Part of the Apple announcement included a demonstration of gameplay. People expected this to be part of the package, and there has been a lot of talk about the AppleTV vs. the consoles like PS4 and XBox. An article such as this is typical, as as some of the comments that follow in them, but in some ways most of those defending consoles are missing the point, or making assumptions about the future.
The new AppleTV will come with a very simple controller that features a touch interface (basically, a really tiny Force Touch trackpad), plus 4 buttons. The buttons include one to access Siri, one “menu” button that is a way to go back to some presumably obvious state, and volume up/down buttons. The controller also has motion sensing so you can wave it about and have apps react to the motion.
Most commenters are assuming that this is the only controller Apple will make for it. Right now, out of the box, the AppleTV will come with this one, simple remote because that’s part of what Apple does. They will want you to buy any future custom remotes they make, and pay a premium for them. Expect there to be 3rd-party remotes in the near future. Unlike using Classic Bluetooth on iDevices (which require you join the Made for iPod program), the AppleTV uses Bluetooth 4.0, so basically anyone can make a remote (and those can also work with iPhone and iPad as well, given the universal approach to app development).
So just because there isn’t a hardcore game-oriented remote available now doesn’t mean Apple won’t create one in the future. I expect it will come if it turns out that gaming becomes a bigger thing on the AppleTV. But how that unfolds may not be as people expect.
When people first saw the Nintendo Wii, hardcore gamers dismissed it. The games were low-definition, and play was focused on simple mechanics for simple games. And the Wii, briefly, outsold the PS3 and XBox 360. It didn’t last long, but it allowed Nintendo to build up a user base to sell high-margin games to, in a market that isn’t as demanding. That market is the casual gamer. These are people who will play a game for an hour or so to kill some time. They want simple and fun on a machine that didn’t cost a lot of money.
The AppleTV may fill a similar role. These are games that don’t require controllers with a plethora of buttons, switches and triggers. Sure, you probably won’t be playing the next Assassin’s Creed or Halo on an AppleTV. But those aren’t games that casual gamers want anyways.
Trying to “defend” consoles against the AppleTV implies that these people see the AppleTV as a threat, or assume that Apple wants to position the device against consoles. One shows a complete misunderstanding of the role of the AppleTV. The other assumes Apple is naive enough to think that the hardware in the AppleTV is up to the job. A dual-layer Blu-ray (like that used in the PS4) holds 50GB of data. The upper-level AppleTV has 64GB of storage. There is barely room on the device for a single copy of an Elder Scrolls game. Clearly, this is a device not intended for this type of gaming.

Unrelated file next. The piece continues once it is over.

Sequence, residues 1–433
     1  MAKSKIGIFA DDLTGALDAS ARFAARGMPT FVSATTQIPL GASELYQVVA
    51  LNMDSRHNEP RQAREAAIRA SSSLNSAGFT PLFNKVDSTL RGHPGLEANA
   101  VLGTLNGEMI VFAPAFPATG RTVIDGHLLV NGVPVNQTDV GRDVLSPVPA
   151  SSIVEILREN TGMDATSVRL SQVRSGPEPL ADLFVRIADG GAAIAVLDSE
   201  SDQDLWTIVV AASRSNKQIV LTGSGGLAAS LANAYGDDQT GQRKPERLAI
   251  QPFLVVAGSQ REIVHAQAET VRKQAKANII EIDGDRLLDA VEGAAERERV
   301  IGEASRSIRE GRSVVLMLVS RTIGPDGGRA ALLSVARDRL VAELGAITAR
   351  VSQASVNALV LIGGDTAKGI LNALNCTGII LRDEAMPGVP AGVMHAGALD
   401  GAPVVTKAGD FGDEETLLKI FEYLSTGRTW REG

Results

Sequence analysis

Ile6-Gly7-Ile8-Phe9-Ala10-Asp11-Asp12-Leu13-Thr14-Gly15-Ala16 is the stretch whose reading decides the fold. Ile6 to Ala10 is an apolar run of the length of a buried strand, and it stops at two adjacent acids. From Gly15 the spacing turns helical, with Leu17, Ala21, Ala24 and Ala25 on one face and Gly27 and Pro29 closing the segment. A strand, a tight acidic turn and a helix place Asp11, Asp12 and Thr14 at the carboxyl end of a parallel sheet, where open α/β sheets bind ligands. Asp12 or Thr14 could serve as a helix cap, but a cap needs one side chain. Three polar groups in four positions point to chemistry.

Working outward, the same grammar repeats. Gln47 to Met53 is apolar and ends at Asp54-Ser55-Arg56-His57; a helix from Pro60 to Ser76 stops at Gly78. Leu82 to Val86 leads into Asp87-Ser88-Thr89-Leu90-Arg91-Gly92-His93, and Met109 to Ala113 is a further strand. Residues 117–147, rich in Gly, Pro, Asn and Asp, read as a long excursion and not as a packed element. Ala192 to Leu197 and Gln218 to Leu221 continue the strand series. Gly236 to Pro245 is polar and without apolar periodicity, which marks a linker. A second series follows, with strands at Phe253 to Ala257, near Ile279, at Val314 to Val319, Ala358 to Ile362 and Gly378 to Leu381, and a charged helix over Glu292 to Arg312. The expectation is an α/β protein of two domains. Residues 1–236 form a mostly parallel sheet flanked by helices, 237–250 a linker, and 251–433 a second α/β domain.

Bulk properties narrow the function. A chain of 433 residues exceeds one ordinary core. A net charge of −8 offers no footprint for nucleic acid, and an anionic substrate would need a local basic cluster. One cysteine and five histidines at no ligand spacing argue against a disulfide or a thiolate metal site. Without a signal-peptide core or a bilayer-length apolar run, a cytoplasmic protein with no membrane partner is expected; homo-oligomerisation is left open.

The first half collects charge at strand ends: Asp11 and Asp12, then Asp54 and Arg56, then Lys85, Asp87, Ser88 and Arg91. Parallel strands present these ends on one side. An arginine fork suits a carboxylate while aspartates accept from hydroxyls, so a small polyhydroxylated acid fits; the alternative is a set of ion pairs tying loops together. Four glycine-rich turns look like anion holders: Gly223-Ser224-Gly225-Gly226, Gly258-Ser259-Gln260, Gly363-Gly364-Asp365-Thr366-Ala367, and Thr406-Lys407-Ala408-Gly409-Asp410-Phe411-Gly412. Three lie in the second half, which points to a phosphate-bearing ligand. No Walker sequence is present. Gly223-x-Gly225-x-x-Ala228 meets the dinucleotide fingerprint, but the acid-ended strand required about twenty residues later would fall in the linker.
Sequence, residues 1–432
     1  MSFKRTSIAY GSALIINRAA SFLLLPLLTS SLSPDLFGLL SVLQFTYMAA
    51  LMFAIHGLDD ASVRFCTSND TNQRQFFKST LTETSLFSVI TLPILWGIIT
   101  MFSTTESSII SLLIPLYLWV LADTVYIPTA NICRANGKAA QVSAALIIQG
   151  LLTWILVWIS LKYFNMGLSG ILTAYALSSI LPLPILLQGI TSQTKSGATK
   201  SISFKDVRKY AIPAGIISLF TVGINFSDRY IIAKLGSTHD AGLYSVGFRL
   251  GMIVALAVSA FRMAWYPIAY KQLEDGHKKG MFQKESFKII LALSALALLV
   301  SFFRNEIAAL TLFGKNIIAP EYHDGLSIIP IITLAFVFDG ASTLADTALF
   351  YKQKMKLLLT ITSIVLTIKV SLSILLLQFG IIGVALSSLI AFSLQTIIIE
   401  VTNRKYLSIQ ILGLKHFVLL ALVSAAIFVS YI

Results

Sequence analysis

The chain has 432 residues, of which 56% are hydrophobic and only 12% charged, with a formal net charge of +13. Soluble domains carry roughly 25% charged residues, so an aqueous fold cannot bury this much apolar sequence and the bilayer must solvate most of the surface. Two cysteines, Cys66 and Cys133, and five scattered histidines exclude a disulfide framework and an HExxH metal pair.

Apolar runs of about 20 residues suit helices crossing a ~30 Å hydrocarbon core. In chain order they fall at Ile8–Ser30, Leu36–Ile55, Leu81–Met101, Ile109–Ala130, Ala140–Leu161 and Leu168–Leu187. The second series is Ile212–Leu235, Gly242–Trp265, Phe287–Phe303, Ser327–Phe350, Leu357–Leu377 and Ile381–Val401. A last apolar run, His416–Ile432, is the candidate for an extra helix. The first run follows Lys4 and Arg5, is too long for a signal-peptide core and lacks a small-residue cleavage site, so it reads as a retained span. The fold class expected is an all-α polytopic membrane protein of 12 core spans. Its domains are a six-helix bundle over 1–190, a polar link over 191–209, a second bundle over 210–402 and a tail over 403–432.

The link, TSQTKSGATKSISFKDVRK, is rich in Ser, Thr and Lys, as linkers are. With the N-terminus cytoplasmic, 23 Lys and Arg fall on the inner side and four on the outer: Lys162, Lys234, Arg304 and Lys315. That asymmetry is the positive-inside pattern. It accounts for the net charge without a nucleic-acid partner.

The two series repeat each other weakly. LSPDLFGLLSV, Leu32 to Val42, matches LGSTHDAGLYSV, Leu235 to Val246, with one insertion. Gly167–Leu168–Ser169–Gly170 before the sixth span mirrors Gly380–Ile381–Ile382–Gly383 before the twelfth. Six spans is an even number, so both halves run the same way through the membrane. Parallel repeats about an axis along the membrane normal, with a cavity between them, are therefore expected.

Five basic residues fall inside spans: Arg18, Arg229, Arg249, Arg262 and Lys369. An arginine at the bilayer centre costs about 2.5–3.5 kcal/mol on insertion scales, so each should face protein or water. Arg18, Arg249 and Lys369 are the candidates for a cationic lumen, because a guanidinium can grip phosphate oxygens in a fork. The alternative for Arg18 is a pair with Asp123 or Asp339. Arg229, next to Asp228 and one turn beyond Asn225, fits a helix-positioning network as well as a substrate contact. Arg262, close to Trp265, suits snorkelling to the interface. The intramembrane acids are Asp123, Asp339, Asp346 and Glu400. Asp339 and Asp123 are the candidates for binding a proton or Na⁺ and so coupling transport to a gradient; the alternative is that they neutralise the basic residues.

Where the AppleTV is a “threat” is the independent game market. Making a game for a Sony, Microsoft or Nintendo platform comes with some barriers (although, to their credit, all 3 are trying to make it easier). You need to join their developer programs, use their tools, and generally work through their distribution systems.
Apple is similar, in that you have to join their developer program. But their program is $99/year, not the one-time $2500 that Sony charges for their kit (Microsoft apparently charges $500 for their toolset). Apple’s program gets you development tools, access to their developer chat and on-line support tools, as well as access to beta software. But joining the Apple program also means you can publish your games on iOS and OS X devices. Sony doesn’t offer anything but Playstation, and being a Windows developer means additional costs.
Putting your game on AppleTV can also allow you to put it on iPhone, iPad and Mac. Games already on Apple platforms can now add AppleTV as a target. This could give the AppleTV a library of hundreds of thousands of games in very short order.
But is any of this a threat to the PS4, XBox, etc? Not at all. In fact, what it can do is act as a launch platform for game developers. They can get started in the Apple world, and if they see success, include Sony, Microsoft and others in the future. It lowers the barrier a bit by giving indie game studios access to one of the biggest app-buying communities out there.
Stop Comparing Them
The AppleTV is not a competitor to high-end dedicated game consoles. That isn’t the point of the thing. People need to stop comparing the AppleTV to the Playstation and XBox, because they are different animals. Just because they sit in the living room or home theatre, and connect to a TV, doesn’t make them competitors. My 8-year old Honda Accord has 4 wheels and an engine. It doesn’t mean it is a competitor to a Ferrari 488.
The closest console competitor is the now-moribund Nintendo Wii. It could potentially be seen as a competitor to the Ouya, but even that is a stretch. Any gaming on the AppleTV will be, for the most part, more casually-oriented. Apple isn’t fooling themselves into thinking they can take on the PS4 or XBox One with this thing.